October 1, 2014

A30 Challenger Tank

A30 Challenger tank
A Challenger tank of the 11th Armoured Division in Holland on 17 October 1944. 


It had become apparent to the British, from the tank battles in the Western Desert, that they needed a tank capable of knocking out all German panzers. With the A30 they mounted the powerful 17-pounder gun on the A27 Cromwell/Centaur chassis. However, due to the size and shape of the turret the tank took on a very ungainly appearance. An order for 200 vehicles was placed and production began in December 1943, but by the end of September 1944 a total of 36 had been produced. Twelve A30s for each one of three armour regiments.

The A30 was intended as a tank destroyer protecting the lighter armed Cromwell tanks. Ultimately the Challenger was overtaken by the Sherman Firefly which housed the same main gun but was far more popular with the crews.

Challenger tank
2. The driver...

Challenger tank
3. …and the loader!

Cromwell and Challenger tanks
4. Cromwell and Challenger tanks of the 7th Armoured Division in Hamburg on 5 May 1945.

A Challenger passing through Flers
5. A Challenger of the 11th Armoured Division passing through Flers in France on August 17, 1944.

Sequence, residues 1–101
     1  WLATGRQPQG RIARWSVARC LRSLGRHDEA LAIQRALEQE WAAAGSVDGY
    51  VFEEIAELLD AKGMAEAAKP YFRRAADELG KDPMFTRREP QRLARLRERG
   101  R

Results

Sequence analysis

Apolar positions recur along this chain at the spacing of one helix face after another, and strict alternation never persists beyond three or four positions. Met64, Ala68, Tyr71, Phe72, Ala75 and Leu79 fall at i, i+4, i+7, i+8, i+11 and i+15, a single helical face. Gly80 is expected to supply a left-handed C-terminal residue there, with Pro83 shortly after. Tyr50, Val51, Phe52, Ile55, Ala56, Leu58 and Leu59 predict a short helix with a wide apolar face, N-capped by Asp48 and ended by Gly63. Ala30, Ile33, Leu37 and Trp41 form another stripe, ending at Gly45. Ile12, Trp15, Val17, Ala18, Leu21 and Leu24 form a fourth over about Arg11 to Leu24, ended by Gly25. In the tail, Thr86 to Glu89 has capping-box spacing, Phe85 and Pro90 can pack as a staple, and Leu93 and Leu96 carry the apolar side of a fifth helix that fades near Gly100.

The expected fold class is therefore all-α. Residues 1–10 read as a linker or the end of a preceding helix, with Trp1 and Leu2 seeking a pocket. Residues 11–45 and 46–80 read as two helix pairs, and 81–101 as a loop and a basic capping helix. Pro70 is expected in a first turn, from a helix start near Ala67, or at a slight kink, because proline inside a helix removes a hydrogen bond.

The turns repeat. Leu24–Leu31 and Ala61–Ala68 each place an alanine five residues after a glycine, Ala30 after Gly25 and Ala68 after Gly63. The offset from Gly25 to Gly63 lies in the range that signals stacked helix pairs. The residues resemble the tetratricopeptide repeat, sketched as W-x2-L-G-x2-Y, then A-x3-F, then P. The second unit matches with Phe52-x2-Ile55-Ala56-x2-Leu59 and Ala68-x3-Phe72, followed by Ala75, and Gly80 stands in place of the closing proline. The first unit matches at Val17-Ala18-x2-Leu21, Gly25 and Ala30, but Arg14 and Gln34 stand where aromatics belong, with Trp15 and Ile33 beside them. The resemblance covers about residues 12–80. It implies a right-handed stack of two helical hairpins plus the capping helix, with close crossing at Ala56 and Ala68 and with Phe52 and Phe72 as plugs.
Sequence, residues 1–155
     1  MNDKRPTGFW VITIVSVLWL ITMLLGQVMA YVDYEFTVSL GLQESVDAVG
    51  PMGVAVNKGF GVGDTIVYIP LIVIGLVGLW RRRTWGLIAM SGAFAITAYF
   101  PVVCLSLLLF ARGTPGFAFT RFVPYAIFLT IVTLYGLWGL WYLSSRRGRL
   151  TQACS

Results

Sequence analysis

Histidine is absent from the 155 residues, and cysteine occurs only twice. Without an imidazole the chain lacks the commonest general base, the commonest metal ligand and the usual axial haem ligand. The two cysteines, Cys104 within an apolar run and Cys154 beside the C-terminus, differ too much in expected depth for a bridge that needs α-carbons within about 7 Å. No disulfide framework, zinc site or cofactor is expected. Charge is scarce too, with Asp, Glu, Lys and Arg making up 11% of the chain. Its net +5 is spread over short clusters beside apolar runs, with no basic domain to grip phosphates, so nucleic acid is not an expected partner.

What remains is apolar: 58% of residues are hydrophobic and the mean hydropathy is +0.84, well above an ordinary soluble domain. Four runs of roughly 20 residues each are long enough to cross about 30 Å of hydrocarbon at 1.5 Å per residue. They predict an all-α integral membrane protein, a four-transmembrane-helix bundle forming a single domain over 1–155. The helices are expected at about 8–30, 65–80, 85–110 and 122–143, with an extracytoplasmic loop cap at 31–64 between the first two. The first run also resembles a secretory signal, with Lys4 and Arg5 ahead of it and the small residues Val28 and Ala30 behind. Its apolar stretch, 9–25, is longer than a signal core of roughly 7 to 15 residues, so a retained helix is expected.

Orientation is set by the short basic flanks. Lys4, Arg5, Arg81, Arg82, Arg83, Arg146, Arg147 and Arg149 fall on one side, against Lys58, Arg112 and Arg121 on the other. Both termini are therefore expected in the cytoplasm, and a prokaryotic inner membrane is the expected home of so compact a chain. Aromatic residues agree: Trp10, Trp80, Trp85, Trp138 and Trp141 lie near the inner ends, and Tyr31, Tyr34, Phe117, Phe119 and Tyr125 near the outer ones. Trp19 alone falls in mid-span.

A Challenger crosses a Bailey bridge
6. A Challenger crosses a Bailey bridge near Esch on 27 October 1944.

SPECIFICATIONS
Weight:
32,580 kgr
Length:
8.02 m (26 ft 3 in)
Height:
2.66 m (8 ft 9 in)
Armor:
102 mm (max)
Engine:
Rolls-Royce Meteor 600 HP
Max Speed:
51 km/h (32 mph)
Range:
193 km (120 miles)
Crew:
5
Armament:
Main gun: Ordnance QF 17-pounder, Secondary Armament: 0.30’’ Browning MG
Ammunition:
Main gun: 42 rounds, Machine gun: 3,750 rounds


Bibliography
Bishop, Chris. The Encyclopedia of Weapons of World War II. Barnes & Noble, Inc., 1998.
Forty, George. World War Two Tanks. Osprey, 1995.
Hogg, Ian V. Allied Armour of World War Two. Ramsbury: Crowood, 2000.
Sutherland, Jonathan. World War II Tanks and AFVs. Shrewsbury: Airlife, 2002.


Photos attribution
No 5 Army Film & Photographic Unit, via Wikimedia Commons